Stash or Trash: Stash. Matz is a #4 starter for the Mets who would be a #2 on any other team (even a #1 in some cases.) And he’s probably better than the waiver options available to you.
Fill In: Jharel Cotton, OAK, 36.8% owned. Cotton’s high K/9 rate didn’t show itself in his 5 start debut last year, but like Matz is only 25 years old and has a pretty good minor league pedigree.
Wade Miley, BAL, Flu .
Miley just saw you step on and break his favorite toy train. Wily Miley put up a 3.44 ERA in 62 starts in 2012 & 2013 even finishing 2nd in NL Rookie of the Year voting. Since then? 4.68 ERA in 95 starts with each year being worse than the previous. You’d like to believe that those skills are still present, but you’d be wrong. The league has figured him out and he hasn’t adjusted. Until he does, he’ll just keeping being Miley.
Stash or Trash: Trash. Unless he hot tub time machines it to 5 years ago.
Roberto Osuna, TOR, Neck Stiffness.
Osuna struggled with back and neck issues in Spring Training caused by a crappy mattress but he pitched as recently as March 31st. This 10-day DL stint just gives Osuna a bit more time to rest and recover. 40-year old veteran Jason Grilli was tabbed as his fill-in aaaannnndddd he blew a save already.
Stash or Trash: Stash, stash, stash. Grilli just showed you that there is no one close to taking this job from Osuna.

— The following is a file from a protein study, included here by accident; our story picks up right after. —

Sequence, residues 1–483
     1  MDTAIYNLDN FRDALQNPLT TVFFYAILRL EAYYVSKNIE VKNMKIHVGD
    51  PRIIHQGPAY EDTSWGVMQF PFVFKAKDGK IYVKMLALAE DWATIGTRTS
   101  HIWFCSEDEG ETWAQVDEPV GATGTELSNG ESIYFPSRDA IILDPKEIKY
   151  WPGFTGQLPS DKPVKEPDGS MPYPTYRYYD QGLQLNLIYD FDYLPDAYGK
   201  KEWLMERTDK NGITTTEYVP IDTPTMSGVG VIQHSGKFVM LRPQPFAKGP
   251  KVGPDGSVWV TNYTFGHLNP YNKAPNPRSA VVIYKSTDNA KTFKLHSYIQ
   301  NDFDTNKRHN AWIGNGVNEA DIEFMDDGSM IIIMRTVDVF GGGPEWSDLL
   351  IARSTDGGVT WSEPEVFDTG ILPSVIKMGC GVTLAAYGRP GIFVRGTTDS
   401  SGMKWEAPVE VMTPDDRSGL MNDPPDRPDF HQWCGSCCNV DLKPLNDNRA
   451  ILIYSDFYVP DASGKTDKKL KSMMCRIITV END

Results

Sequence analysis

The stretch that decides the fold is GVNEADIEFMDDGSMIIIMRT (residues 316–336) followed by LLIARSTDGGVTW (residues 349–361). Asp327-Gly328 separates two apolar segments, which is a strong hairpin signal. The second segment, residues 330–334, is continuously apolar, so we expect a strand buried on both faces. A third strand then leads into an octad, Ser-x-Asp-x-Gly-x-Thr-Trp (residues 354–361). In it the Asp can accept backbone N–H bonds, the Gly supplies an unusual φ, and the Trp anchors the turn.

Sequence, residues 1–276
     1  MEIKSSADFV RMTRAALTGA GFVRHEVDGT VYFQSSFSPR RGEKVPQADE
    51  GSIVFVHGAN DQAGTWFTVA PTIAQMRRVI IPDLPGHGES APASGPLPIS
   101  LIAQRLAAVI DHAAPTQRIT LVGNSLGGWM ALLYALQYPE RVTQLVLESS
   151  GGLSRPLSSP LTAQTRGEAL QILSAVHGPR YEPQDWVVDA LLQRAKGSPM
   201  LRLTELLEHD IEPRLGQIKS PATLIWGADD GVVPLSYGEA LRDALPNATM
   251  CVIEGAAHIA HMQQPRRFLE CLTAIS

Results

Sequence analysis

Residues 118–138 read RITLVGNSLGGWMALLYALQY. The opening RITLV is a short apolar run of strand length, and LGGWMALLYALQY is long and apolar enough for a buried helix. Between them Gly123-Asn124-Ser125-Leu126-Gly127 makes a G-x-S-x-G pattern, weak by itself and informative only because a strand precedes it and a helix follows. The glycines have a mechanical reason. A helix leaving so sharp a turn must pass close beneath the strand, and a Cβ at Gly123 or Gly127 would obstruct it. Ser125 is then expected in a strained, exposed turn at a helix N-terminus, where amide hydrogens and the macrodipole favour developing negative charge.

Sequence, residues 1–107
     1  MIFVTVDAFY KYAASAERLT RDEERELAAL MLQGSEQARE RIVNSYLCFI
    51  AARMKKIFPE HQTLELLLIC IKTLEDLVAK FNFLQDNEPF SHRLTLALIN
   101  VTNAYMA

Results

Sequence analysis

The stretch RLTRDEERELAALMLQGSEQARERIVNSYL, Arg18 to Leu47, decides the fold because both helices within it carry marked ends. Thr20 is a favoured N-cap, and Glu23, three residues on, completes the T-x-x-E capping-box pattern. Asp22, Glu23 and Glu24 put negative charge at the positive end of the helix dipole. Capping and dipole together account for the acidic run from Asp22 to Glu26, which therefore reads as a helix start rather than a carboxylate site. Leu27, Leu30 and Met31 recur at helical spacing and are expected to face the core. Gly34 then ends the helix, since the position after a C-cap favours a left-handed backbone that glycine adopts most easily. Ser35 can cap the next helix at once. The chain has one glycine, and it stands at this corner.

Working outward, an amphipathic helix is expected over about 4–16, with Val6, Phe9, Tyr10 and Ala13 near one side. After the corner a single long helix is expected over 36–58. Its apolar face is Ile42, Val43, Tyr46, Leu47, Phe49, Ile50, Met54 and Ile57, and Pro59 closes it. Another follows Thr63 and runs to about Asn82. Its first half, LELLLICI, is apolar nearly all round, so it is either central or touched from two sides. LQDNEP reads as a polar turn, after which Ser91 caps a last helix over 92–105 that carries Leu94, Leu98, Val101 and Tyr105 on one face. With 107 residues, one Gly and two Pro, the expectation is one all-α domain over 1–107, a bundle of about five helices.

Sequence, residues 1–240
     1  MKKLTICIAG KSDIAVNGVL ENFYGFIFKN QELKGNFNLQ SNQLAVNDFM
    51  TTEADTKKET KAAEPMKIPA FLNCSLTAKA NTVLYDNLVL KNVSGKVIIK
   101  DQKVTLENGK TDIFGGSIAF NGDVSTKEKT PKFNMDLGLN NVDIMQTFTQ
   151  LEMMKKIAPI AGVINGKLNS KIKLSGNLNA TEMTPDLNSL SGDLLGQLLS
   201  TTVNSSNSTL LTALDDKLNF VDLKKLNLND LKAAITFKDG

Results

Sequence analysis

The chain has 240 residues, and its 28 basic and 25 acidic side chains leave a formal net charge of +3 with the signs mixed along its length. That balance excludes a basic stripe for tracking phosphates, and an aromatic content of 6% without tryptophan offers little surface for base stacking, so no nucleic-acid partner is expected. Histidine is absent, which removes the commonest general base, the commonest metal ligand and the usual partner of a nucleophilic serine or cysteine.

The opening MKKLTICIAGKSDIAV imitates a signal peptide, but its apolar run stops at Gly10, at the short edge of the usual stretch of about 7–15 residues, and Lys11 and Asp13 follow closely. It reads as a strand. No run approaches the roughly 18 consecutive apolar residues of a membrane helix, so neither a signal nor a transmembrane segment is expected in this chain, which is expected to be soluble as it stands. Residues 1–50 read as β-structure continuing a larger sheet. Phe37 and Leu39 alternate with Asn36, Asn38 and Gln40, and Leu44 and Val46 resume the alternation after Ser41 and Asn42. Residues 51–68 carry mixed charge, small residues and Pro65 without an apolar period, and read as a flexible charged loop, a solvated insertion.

Fill In Option: Greg Holland. Most closers should be off your waivers, but Holland is still only 37% owned in ESPN leagues. He already locked down the first save for the Rockies. In the past 3 years Holland had 47, 46 and 32 saves for the Kansas City Royals and could reach 35+ saves for Colorado.
Drew Pomeranz, BOS, Throwing Arm Flexor Strain.
That low rumble you hear at night is the collective sound of thousands of Red Sox fans grinding their teeth while they sleep. Pomeranz should be able to make his April 9th start, but the arm injury is worrying. What is also worrying is that after his trade from one of the best pitcher’s parks (San Diego’s Petco Park) to Fenway his ERA jumped almost 2 full runs (2.47 to 4.59.) Pomeranz might end up with a starting role for Boston — but that might not be what is best for him (or more importantly: you.)
Stash or Trash: Stash. Look, he isn’t the 2.47 ERA starting pitcher you thought he was in San Diego. He might not be the 4.59 ERA starting pitcher you thought he was in Fenway either. But even worse, he might not even be the starting pitcher you expect he’ll be the entire year. But he isn’t expected to miss much time so you can sit on him and wait to see how he performs. Fenway is notoriously unkind to lefty starting pitchers so if things don’t improve for Pomeranz — don’t be afraid to cut bait.
Drew Smyly, SEA, Throwing Arm Flexor Strain.